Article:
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Harvesting and Canning Honey: the Crush and Strain Method

Introduction: Harvesting and Canning Honey: the Crush and Strain Method

Sometimes your bees do well all year round producing honey and keeping their hive clean and tidy and then the worst winter in many years happens and they all die with a lot of honey in the hive because it gets cold and stays cold for several weeks without any warmup at all. Sometimes.

This allowed me to do something you would normally never do; harvest all of the honey from the hive. Usually you want to harvest only a little of the honey so that the bees always have a healthy supply to make it through hungry and cold times.

What you will want to have:

Sturdy Wooden Spoon or other Smooshing Implement

Sanitized Canning Jars and Lids (a run through a hot modern dishwasher should be good for this application)

Jelly Straining Bag and Stand

Step 1: Be Good to Your Bees

Even when you give them good care, proximity and access to good water and tons of pesticide-free flowers, your bee hive can fail in the middle of the winter.

I have a great Kenyan style top-bar hive that a friend who keeps over a dozen hives made for me (his fared no better this winter, he lost 60% of his hives to the cold as well) and even with thick cedar walls and an excellent roof, the bees had a tough time.

Step 2: Remove Comb From the Frames

After you have had a pleasantly somber eulogy for your bees, it is time to clean out the hive of anything that could attract pests or mold. So sweep out the dead insects, clear out the frames filled with wax and pollen and (now dead) brood. The honey harvest from a top-bar hive is quite easy, but unfortunately means the wax will probably be crushed in the process (there are ways to keep this from happening, but I needed to clean it out to keep away wax moths anyway).

Step 3: Smoosh It Up

Once the full honeycomb has been sliced away from the top bar, or frame, into a bowl- you get to smoosh it up!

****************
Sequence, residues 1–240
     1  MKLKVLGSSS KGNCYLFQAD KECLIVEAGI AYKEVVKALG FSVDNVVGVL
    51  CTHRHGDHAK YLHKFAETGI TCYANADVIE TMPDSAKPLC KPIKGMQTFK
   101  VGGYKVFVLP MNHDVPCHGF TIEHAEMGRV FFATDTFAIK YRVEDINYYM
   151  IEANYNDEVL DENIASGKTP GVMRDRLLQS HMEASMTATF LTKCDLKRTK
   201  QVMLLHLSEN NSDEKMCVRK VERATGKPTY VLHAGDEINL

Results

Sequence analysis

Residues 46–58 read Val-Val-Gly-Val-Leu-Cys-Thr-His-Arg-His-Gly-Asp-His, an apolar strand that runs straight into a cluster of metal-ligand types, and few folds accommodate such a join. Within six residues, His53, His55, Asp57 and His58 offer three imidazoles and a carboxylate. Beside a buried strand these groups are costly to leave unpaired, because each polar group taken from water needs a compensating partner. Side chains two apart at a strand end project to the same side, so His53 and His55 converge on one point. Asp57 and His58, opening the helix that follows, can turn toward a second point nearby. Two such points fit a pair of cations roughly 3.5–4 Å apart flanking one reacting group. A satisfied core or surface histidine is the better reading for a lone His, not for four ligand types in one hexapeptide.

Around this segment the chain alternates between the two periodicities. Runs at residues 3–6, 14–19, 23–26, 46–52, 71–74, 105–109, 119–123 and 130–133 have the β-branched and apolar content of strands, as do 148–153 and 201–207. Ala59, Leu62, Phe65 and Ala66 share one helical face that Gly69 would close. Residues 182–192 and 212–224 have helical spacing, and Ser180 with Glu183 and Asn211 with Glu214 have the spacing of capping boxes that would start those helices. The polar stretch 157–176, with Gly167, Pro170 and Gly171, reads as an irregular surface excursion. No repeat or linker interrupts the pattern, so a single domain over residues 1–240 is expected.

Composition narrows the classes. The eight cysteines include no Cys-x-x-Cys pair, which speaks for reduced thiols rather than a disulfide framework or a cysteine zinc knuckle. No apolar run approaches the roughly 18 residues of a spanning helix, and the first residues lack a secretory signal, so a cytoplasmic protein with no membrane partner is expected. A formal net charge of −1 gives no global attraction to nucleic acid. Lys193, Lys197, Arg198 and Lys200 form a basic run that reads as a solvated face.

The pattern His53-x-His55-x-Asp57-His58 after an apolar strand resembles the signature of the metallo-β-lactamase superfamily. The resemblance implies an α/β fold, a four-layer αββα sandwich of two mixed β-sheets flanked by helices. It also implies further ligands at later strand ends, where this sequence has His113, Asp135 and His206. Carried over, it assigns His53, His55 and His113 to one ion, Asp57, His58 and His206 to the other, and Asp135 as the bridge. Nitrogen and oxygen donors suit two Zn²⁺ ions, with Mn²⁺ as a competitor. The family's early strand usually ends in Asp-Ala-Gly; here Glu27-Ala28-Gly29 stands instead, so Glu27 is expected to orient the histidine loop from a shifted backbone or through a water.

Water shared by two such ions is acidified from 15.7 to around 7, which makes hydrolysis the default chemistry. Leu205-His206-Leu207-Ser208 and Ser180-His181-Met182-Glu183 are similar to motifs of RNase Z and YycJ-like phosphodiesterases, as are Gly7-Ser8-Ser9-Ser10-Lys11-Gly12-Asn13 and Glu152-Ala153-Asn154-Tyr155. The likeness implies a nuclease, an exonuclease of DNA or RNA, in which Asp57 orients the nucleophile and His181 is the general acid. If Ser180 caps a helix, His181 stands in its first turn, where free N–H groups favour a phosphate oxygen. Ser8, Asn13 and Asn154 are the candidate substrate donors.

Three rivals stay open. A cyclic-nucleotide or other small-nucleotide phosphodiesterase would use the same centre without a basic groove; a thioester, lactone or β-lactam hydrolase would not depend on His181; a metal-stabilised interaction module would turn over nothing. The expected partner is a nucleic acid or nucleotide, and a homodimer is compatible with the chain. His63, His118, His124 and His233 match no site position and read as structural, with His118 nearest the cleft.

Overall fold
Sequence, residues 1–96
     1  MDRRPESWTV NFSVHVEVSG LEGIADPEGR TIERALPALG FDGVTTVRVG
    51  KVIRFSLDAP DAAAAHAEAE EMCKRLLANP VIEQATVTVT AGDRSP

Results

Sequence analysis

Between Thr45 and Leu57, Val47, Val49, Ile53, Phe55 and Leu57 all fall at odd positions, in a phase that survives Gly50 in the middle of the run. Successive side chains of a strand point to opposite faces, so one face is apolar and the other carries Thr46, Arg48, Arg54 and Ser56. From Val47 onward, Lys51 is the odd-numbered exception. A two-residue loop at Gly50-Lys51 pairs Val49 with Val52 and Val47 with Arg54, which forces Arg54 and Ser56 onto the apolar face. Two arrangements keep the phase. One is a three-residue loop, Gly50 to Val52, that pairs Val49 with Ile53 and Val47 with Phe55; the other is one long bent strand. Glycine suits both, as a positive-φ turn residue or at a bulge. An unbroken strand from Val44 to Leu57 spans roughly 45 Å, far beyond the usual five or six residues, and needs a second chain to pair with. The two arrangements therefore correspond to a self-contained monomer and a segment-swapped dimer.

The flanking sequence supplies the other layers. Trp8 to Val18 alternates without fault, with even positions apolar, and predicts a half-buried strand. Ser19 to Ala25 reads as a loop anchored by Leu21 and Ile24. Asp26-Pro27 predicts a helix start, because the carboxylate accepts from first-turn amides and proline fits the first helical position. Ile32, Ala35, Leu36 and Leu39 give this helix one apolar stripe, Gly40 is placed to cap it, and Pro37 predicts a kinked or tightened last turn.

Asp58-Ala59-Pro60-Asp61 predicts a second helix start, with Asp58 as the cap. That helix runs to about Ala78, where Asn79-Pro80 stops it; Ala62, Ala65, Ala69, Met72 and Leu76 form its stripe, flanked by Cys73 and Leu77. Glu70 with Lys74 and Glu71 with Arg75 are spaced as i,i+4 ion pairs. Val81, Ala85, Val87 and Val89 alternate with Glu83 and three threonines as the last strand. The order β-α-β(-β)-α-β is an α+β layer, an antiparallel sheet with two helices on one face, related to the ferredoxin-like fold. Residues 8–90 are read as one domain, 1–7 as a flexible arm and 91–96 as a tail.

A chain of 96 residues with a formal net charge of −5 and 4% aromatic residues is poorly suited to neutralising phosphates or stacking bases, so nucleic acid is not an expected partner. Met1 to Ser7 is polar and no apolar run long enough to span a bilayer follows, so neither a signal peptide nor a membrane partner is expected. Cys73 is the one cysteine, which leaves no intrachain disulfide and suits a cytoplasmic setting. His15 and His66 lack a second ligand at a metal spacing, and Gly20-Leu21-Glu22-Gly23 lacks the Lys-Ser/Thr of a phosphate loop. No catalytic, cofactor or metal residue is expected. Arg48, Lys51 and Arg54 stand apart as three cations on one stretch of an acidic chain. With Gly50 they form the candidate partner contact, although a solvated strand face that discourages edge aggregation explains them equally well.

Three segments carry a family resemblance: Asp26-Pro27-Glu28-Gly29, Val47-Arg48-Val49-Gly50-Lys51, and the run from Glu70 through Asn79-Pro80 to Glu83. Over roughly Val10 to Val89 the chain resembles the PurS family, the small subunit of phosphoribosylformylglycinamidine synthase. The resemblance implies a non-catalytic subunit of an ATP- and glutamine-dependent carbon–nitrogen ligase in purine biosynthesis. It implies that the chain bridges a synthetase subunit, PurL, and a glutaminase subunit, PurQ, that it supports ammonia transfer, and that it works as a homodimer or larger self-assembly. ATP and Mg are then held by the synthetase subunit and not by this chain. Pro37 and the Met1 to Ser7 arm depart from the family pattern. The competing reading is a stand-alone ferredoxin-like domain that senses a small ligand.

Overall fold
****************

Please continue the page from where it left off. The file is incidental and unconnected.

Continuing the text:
You can start breaking the chunks of comb up with your hands or use a large wooden spoon, meat tenderizing hammer or potato masher. Quite simple, but sticky process at this point.

Step 4: Filtering the Honey

Setting up your jelly filter stand over a large shallow bowl or plate (to catch any drips) and place your first jar with a wide-mouth funnel underneath.

Scoop as much broken comb into your jelly filter bag in the stand as you can safely fit without making even more of a sticky mess (don’t worry, there will be stickyness in any honey processing, it happens).

Put it in the sun to maybe heat up the honey so it drips through faster.

Remember to look at the jar!

Switch it out with another jar quick!

Step 5: Put a Lid on It

Canning honey is the easiest canning you will ever do.

Honey is an amazing food in that it is dry enough (has a low water content) and sweet enough (has so much natural sugar) that most molds and bacteria that are harmful to humans or cause spoilage cannot survive in it. This means that if you have a sanitized jar and lid, you are totally good to pour honey into it and cap it off.

There are, however, things present in raw honey that make it very dangerous for babies, do not feed honey to children under the age of 1. Once a child has reached 12 months old, their stomach lining is sturdy enough to pass these potentially harmful presences out without any problem.

Put the clean and dry seal top and screw lid onto the jar, label it and put it somewhere cool and dark.

Raw (unheated) honey like this will likely crystallize at some point, this does nothing to the delicious taste, only the texture. If you want, you can heat the sealed jar in a bowl full of warm water to liquefy the honey again if this occurs.